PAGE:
In April, jihadists threatened to detain him because he refused to provide them with food baskets his team was distributing at a camp for the displaced in southern Idlib, he added.
"They told me I should give them aid because they are mujahideen," said the 27-year-old.
He said Hayat Tahrir Al Sham also detained him for four days seven months ago in Idlib city for photographing aid deliveries without their authorisation.
Militants beat him, confiscated his laptop, and broke his camera, he said.
"They told me I should thank God I was being released alive."
Paul Donohoe of the International Rescue Committee said, "aid groups face interference from armed groups in Idlib, such as the restricting of access to vulnerable populations or attempting to influence beneficiary selection and the location of aid delivery."
He declined to provide more detail but a second humanitarian worker in Idlib, who also asked to remain anonymous, said several projects by international aid agencies have been dropped in recent months because of such meddling.
A plan to provide bakeries in Idlib with free flour was scrapped because the Salvation Government insisted on limiting beneficiaries to bakeries it is affiliated with, the 29-year-old said.
"Our activities as an organisation have become very modest since this happened to us," he added.
The governing body is also trying to ensure its affiliates are among those who secure tenders with aid agencies, which attempt to avoid this through screening, he said.
"They want a cut of any project implemented in the area," he said.
The encroachment has sparked concern that relief items and aid money may fall in the wrong hands.
Ms Sider, of the NRC, said: "In this environment, aid agencies cannot completely eliminate the risk of diversion and we'd like donors to recognise this."
The UN has said it is taking extra measures to combat diversion.
They include "additional screening from partners, suppliers, even workers, staff, and third-party monitoring, including the use of modern technology – barcoding, establishing hotlines to be able to be sure that aid reaches the right people," the UN regional coordinator for Syria, Panos Moumtzis, said.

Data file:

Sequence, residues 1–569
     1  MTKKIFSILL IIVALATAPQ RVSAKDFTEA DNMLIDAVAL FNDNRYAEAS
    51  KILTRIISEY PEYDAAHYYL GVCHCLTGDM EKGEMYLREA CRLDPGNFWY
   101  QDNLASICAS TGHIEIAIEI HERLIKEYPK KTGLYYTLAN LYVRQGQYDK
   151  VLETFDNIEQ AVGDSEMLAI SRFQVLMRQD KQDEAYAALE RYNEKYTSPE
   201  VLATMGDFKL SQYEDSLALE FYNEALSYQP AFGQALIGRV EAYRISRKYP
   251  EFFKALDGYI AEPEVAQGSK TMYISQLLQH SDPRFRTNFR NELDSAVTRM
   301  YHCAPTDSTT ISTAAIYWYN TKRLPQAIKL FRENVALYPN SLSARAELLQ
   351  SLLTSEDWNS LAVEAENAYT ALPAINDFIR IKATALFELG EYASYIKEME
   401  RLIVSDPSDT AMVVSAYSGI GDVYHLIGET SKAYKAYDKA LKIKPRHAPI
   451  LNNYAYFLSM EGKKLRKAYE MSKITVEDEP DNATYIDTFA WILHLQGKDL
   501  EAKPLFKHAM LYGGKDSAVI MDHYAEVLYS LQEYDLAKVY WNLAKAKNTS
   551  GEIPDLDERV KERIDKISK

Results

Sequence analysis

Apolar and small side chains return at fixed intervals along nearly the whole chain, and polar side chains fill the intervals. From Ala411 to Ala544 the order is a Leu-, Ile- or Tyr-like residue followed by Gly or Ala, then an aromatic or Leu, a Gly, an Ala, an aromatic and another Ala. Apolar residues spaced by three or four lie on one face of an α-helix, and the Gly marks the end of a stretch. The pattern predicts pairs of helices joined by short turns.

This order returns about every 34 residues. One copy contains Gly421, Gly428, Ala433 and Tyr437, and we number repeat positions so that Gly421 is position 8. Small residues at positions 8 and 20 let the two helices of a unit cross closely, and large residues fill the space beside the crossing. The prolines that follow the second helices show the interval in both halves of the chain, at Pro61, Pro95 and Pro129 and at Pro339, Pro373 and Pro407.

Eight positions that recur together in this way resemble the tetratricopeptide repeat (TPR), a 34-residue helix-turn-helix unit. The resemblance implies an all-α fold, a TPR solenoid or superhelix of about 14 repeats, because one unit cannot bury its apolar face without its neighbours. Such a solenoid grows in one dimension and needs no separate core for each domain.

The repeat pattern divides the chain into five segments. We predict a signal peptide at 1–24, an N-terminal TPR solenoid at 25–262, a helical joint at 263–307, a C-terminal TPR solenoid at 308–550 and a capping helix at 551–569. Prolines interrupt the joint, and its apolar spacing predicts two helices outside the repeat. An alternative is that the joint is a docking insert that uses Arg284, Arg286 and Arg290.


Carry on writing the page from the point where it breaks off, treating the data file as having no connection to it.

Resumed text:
There has yet to be any major decrease in humanitarian assistance but some donors have cut funding, said Ahmed Mahmoud, Syria director for the Islamic Relief charity.
"So far, five major hospitals have had to close entirely and seven other medical facilities – including hospitals focusing on paediatrics and obstetrics – severely cut back their operations due to funding cuts," he said.
Though there could also be other reasons, "some donors may have concerns regarding the shifts in control in northwestern Syria, which may have affected their funding decisions.
"As one facility after another shuts its doors, the pressure only grows on those that remain," he said.
For its part, the Salvation Government denies jeopardising relief efforts.
A Salvation Government official in charge of coordinating aid, who gave his name as Dr Jihad, said the administration was "striving to organise [humanitarian] work" by strengthening cooperation with relief agencies and facilitating aid deliveries.
"The more we share responsibility and decision making and the more we coordinate our work, the better the results," he said.